Running Scared

“All of us are born with a set of instinctive fears—of falling, of the dark, of lobsters, of falling on lobsters in the dark, or speaking before a Rotary Club, and of the words ‘Some Assembly Required’.”

Dave Barry

Tonight, to celebrate Friday the 13th, my friends will be gathering to collectively shiver, shake, sweat, and scream their way through Paranormal Activity.

I won’t be among them.

The first difficulty stems from that nagging paraskavedekatriaphobia: I’m slightly uneasy about Friday the 13th. While admittedly nothing bad has ever happened to me—or anyone I know—on that day, you never know. And besides, there are lots and lots of frightening things which require a healthy dose of terror-driven respect.

For example, horror movies.

Which brings me to point number two: I don’t do horror movies very well. Like, really not well.

After watching Alfred Hitchcock’s Psycho, I slept with the light on and didn’t shower for days. The mere thought of that film’s creepy shower scene brings on a recurrence of that ablutophobia (fear of bathing/showering), which is unfortunate, as it directly conflicts with my automysophobia (fear of not being clean) and bromidrosiphobia (fear of bodily odours).

I don’t do so well camping, either.

Of course, I could always get clean by standing outside in the rain?assuming it weren’t storming, as my keraunophobia (fear of thunder and lightning), not to mention normal safety concerns, would make this an unpleasant experience. But even if it weren’t, torrents of water cascading down on my head could only serve to aggravate my very real aquaphobia (fear of water), which has already prevented me from learning how to swim.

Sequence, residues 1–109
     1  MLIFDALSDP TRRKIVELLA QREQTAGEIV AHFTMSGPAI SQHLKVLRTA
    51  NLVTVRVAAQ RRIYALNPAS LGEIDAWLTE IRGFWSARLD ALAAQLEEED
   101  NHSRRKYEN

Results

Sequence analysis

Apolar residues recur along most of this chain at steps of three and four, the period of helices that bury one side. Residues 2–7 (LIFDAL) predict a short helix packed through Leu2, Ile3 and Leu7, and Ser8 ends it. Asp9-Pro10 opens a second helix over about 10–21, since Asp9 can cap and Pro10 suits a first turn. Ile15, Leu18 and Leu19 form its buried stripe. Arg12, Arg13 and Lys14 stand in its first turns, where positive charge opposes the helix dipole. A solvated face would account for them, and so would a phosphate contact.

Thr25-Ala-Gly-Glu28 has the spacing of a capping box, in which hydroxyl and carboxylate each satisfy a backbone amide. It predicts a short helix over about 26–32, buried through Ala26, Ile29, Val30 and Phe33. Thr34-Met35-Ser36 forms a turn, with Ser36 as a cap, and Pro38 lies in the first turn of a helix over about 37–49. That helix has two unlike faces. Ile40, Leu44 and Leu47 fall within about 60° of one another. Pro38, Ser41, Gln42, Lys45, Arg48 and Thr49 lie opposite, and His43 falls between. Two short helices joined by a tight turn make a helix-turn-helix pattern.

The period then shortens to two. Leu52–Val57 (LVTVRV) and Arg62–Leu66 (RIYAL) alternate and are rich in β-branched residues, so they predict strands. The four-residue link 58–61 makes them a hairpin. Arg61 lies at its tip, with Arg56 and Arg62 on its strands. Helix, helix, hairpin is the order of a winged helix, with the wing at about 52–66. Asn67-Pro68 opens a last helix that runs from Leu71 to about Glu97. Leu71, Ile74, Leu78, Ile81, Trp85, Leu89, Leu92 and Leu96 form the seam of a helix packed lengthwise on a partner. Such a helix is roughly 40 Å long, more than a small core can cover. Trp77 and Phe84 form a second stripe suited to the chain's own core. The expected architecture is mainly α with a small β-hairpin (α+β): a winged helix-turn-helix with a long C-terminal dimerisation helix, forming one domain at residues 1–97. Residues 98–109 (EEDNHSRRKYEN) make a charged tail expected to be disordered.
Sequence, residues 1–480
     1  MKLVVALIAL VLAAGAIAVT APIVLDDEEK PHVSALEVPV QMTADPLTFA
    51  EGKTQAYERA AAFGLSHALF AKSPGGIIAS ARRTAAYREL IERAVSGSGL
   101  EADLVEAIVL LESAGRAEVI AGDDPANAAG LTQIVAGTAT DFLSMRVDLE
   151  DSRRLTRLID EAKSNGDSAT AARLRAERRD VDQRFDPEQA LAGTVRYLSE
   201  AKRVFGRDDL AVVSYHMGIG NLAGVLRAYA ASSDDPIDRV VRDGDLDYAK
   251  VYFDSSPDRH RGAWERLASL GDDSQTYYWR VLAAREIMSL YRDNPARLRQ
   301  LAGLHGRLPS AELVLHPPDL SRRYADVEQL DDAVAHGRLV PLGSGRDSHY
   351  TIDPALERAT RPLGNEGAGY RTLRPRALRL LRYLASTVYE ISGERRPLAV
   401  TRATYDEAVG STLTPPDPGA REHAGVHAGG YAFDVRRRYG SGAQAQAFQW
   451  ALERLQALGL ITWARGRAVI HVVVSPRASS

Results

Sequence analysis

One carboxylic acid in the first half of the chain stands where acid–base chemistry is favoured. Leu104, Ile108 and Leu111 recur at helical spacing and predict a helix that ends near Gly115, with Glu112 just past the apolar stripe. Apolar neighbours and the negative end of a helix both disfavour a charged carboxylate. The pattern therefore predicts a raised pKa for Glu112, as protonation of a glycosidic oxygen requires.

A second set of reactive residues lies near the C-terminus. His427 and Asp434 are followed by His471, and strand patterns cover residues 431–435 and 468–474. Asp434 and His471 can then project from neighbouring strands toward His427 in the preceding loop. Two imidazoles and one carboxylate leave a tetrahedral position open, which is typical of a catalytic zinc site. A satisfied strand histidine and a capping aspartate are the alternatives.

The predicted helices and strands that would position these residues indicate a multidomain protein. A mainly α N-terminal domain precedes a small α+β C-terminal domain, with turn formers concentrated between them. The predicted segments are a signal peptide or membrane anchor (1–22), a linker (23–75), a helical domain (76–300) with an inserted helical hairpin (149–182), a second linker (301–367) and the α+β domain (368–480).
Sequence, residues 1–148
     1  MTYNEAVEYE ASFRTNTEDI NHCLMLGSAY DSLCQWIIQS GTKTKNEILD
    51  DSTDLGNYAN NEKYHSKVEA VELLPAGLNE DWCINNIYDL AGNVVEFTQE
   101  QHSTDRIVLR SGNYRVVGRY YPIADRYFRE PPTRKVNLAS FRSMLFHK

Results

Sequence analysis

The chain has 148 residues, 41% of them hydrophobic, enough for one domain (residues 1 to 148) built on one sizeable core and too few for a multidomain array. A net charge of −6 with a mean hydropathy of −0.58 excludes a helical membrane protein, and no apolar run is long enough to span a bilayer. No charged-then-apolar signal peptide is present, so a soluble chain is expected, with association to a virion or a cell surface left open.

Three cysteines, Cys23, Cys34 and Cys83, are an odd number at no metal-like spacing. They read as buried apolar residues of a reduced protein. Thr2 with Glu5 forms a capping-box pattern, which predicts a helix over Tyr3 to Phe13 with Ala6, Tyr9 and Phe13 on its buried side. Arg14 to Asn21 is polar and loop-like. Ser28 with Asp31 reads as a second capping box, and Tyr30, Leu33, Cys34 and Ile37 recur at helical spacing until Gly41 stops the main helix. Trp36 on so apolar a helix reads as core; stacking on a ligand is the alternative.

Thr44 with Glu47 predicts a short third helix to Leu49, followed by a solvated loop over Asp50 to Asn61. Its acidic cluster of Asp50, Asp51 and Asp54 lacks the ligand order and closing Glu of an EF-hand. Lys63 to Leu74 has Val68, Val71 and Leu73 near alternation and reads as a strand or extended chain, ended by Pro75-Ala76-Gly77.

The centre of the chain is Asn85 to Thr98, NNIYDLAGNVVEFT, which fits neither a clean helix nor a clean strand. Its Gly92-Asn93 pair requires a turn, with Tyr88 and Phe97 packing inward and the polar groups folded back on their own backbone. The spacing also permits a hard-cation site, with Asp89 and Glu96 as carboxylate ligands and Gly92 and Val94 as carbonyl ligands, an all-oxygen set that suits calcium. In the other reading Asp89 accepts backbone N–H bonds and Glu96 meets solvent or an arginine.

But It’s a moot point, since the sky’s abundantly clear tonight. Unfortunately, That’s also a trigger for the nychtophobia (fear of the dark) that has plagued me since I was a little kid who begged her mom to keep a night light burning just in case.

I draw the drapes and lock myself into the house for safety, although I leave the window open a tiny crack, in case the closeness of the house gives rise to claustrophobia. I shut it after a while, though, because the breeze is giving me a chill, and I have a horror of becoming sick (nosophobia).

So here I am on a Friday the 13th night, slightly dirty and terrified. The curtains are drawn to shut out the dark, and the lights are all blazing, and I’m valiantly struggling with my fear that all the electricity coursing through the walls of the house will cause a short and burn down the place (arsonphobia). I also can’t remember whether I shut the stove off, so I jump up to check that, on the way having a mild panic attack over a small spider grovelling in a corner of the kitchen (arachnophobia).

The walls of my house begin to close in on me. I want desperately to get away from that too-familiar environment (eicophobia), but It’s nighttime, and driving in the dark is particularly scary for the directionally challenged, like me. Sure, my phone’s GPS could guide me, but it also led me to a prison once instead of my hotel, so I’m not keen to trust it—particularly on Friday the 13th.

I decide to stay indoors, but I can’t sit still. The cacophony of the TV and the rustling of the pages of my book and the creaking sounds of the house settling down for the night are making me too jumpy. I’m much too nervous to head for bed, and such a move would be useless, as such situations usually cause somnophobia (fear of sleeping), and fruitless tossing and turning will only create more havoc in my mind.

Then I try to relax my brain. However, fuelled by the nervous terror cycling through my mind, it becomes increasingly focused on the many, many things around me to be feared. The more I think, the more scared I get. The old saying goes that “Fear is more pain than the pain it fears,” but what happens when you fear things a little less abstract?

I’ve become a phobophobe—afraid of being afraid—and my own worst enemy.

I turn, as ever, to journaling. And as I begin to write down my passionate fears and my lingering doubts, they begin to fade into the pages. But something new emerges: the scientific sound of the various phobias conglomerates in my mind in a wild discord, giving rise to a new phantom that haunts the pages of my journal and the dusky corners of my brain.

I’ve been hit by hippopotomonstrosesquipedaliophobia (fear of long words).

And so, I’m afraid, have you.